They hope to focus on their primary task - writing a new constitution.
The impasse, two months after the country's historic national elections, is rooted in disagreements about the posts that should be granted to Sunni Arabs in an attempt to incorporate members of the minority group that dominated under Saddam Hussein, in the new government.
The Sunni Arab minority was given until Sunday to come up with a candidate to serve as speaker.
"We saw that things were confused ... so we gave [the Sunnis] a last chance," said Husain al-Sadr, a Shia cleric and member of interim Prime Minister Iyad Allawi's coalition.
"We expect the Sunni Arab brothers to nominate their candidate. Otherwise, we will vote on a candidate on Sunday."
Also on Wednesday, more than 35,000 Shia students from across Iraq gathered in the southern city of Hilla and began marching to Karbala to celebrate the al-Arbain religious festival.
The religious holiday marks the end of a 40-day mourning period for one of the grandsons of Islam's Prophet Muhammad, Imam Husain, who was killed in a 7th-century battle.
"We expect the Sunni Arab brothers to nominate their candidate. Otherwise, we will vote on a candidate on Sunday"
Husain al-Sadr, Shia cleric
Underscoring tensions with the country's majority Shia, fighters set off two explosions on Monday that targeted pilgrims.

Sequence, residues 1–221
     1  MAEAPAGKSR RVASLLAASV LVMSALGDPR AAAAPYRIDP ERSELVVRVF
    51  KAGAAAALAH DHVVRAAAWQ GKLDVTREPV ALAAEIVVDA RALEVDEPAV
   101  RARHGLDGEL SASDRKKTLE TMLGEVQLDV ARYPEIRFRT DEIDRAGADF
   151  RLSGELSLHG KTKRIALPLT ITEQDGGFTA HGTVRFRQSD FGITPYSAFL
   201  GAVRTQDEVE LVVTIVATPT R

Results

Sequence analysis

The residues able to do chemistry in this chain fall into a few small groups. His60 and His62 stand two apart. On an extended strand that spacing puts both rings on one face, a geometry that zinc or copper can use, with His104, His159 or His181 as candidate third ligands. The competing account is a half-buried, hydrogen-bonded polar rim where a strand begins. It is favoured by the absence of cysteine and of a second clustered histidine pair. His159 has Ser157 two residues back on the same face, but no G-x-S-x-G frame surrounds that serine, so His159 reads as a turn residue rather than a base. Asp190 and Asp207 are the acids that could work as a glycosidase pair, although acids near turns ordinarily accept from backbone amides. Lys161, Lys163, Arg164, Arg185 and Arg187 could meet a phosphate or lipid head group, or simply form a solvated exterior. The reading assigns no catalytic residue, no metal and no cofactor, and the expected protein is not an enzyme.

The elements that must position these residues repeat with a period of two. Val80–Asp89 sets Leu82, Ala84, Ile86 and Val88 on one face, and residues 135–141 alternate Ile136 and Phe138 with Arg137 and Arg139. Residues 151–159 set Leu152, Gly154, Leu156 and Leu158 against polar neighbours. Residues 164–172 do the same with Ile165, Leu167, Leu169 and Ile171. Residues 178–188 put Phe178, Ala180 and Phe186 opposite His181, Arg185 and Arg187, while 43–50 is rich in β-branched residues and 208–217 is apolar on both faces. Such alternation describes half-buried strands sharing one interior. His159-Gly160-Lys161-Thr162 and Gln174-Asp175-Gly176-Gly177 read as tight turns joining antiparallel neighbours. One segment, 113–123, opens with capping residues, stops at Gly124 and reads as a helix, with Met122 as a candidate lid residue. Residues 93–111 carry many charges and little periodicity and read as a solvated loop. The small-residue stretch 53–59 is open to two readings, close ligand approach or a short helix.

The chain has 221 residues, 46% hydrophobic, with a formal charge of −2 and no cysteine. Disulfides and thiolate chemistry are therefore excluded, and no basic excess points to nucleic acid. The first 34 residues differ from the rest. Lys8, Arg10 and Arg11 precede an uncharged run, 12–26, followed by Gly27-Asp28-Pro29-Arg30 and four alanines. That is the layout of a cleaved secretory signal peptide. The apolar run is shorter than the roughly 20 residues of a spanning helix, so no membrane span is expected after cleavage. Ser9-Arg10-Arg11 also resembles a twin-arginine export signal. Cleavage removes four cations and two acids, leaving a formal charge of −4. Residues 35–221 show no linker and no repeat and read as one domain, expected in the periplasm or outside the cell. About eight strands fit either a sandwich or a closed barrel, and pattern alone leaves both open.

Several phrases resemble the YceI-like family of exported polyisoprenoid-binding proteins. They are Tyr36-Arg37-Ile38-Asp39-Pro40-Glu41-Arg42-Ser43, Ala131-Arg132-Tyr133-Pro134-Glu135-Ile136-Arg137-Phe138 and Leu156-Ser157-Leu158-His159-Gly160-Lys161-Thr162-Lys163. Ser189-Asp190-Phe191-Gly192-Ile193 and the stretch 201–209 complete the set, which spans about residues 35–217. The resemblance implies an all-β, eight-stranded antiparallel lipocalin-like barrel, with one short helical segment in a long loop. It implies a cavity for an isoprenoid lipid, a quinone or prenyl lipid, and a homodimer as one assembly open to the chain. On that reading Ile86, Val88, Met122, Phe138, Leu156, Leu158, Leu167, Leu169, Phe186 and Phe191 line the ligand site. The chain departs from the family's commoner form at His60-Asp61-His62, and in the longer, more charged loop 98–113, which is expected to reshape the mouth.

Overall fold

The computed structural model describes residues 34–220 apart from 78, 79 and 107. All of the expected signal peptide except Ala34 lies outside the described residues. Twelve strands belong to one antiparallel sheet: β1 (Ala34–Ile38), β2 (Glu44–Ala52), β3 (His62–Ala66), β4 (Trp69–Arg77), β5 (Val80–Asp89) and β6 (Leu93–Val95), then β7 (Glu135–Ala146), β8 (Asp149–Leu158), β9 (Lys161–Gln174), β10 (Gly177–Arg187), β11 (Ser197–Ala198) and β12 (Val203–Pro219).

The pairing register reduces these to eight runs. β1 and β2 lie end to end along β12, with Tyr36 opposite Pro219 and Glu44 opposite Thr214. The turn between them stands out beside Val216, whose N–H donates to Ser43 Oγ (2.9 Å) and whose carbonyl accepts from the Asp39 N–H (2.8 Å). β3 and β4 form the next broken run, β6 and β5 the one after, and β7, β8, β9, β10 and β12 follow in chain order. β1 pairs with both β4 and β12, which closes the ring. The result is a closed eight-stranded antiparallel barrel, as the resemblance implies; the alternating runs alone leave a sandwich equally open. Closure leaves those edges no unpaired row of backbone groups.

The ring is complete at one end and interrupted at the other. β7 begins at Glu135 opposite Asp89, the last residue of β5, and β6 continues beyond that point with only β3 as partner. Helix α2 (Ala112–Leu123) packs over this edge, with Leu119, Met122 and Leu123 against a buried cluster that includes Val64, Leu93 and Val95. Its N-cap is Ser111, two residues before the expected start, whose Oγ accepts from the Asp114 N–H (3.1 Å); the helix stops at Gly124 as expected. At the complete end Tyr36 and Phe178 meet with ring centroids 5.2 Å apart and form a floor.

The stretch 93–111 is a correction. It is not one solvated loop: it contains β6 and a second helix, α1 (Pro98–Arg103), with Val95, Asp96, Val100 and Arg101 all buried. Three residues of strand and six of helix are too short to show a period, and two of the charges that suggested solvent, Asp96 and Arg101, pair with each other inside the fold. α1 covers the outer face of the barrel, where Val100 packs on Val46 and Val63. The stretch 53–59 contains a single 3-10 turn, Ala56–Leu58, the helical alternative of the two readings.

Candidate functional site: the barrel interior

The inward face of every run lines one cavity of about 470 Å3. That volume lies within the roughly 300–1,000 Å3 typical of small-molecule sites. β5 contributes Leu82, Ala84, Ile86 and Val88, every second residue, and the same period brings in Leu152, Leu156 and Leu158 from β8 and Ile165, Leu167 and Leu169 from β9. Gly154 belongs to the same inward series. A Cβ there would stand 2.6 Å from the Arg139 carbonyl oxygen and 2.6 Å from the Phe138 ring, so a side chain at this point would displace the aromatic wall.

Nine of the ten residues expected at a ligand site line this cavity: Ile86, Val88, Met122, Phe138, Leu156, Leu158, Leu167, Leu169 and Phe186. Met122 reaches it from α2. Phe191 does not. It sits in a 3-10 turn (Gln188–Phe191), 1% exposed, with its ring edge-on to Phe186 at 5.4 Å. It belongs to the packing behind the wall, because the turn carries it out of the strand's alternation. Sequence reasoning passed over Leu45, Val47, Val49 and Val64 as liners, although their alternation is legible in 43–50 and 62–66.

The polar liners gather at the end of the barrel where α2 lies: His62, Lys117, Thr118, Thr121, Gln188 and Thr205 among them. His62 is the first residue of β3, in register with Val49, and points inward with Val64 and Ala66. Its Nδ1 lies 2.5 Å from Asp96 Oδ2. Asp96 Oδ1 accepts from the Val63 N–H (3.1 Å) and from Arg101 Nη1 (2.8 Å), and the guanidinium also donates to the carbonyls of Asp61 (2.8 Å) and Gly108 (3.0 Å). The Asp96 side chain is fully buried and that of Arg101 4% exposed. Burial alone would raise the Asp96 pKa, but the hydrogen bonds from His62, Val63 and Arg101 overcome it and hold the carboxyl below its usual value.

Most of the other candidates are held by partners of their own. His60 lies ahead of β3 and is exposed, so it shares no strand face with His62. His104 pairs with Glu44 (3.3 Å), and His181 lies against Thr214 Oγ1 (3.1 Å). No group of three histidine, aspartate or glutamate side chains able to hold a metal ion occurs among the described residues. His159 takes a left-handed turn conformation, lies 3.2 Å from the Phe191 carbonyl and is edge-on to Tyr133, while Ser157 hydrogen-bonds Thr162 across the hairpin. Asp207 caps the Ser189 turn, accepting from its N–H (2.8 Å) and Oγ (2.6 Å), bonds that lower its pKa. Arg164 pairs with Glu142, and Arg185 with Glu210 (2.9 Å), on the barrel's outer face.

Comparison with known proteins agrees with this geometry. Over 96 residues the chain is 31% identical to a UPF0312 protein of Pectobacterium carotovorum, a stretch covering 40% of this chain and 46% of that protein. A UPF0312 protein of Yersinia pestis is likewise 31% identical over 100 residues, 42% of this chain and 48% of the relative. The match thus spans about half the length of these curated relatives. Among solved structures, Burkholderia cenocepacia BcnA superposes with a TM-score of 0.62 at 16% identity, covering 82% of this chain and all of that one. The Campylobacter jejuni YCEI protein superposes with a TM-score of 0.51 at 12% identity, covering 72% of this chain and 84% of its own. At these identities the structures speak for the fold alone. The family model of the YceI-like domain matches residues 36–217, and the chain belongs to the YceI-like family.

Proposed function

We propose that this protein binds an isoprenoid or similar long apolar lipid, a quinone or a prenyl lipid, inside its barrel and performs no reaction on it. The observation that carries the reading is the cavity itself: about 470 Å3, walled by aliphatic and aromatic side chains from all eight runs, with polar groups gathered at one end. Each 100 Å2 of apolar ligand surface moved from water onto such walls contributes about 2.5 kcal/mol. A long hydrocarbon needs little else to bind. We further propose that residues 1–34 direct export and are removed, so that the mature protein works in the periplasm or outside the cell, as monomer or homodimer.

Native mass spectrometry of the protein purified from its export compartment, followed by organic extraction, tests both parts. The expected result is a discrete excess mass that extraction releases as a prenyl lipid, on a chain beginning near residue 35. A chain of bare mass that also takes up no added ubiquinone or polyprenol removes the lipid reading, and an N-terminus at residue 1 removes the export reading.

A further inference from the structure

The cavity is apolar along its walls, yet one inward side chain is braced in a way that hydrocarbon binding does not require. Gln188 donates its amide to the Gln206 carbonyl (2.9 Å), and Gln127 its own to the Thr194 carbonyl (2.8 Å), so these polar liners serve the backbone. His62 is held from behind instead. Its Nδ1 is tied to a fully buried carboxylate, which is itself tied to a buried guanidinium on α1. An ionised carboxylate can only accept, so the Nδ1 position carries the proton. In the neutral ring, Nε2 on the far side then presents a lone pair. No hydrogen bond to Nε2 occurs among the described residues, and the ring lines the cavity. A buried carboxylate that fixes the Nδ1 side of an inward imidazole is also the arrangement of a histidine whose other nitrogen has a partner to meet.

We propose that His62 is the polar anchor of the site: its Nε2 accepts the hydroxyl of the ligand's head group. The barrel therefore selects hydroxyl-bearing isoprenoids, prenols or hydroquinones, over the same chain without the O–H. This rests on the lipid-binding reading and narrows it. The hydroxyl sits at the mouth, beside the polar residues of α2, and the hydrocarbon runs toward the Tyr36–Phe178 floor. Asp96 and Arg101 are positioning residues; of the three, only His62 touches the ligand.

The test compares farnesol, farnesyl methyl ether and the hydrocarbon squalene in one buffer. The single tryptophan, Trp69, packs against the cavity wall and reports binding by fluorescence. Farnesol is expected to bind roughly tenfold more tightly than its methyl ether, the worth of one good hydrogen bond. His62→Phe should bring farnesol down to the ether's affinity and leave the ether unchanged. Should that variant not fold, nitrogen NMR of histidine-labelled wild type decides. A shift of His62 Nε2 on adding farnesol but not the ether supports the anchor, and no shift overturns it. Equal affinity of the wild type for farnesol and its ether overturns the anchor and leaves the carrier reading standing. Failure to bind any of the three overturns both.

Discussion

In Musayyib, 65km south of Baghdad, a bomber on a bicycle blew himself up near a police patrol protecting the pilgrims, killing two policemen.
The other bombing took place at the Imam al-Khadhir shrine compound in Khalis, 80km north of Baghdad. The attack killed one pilgrim and wounded two others.
The Shia-led United Iraqi Alliance party, along with the Kurdish coalition, want a Sunni Arab to take the parliament speaker post as a way to bring more Sunnis into the new government.
Many Sunnis boycotted the 30 January elections or simply stayed home because they feared attacks at the polls.
Officials lobbied prominent Sunni Arab leader and interim President Ghazi al-Yawir, to take the job. But he held out for one of two vice-presidential spots.
The Sunni-nominated candidate, Adnan al-Janabi, was vetoed by the Shia and Kurds due to his brother's ties to Saddam Hussein's former government.
Some politicians speculated that the delay could force them to request a six-month extension to the 15 August deadline for drafting the country's permanent constitution.
But most were opposed to the idea at this stage.
Al-Yawir has rejected the role of
The assembly still needs to name an Iraqi president and two deputies, who will in turn nominate a prime minister.
The presidency is expected to go to Kurdish leader Jalal Talabani and the premiership to Shia politician Ibrahim al-Jafari.
Negotiations over the top posts in the different ministries also continues, with both the Kurds and Shia vying for the Oil Ministry position.
Some Sunnis hope to get the Interior Ministry post, but the Alliance wants them to have the Defence Ministry position instead.
Together, the Alliance and the Kurdish coalition have 215 seats in the 275-seat National Assembly - enough to push through their proposals.
But they have been reluctant to alienate the Sunni Arabs and other minority groups, saying they want an inclusive government.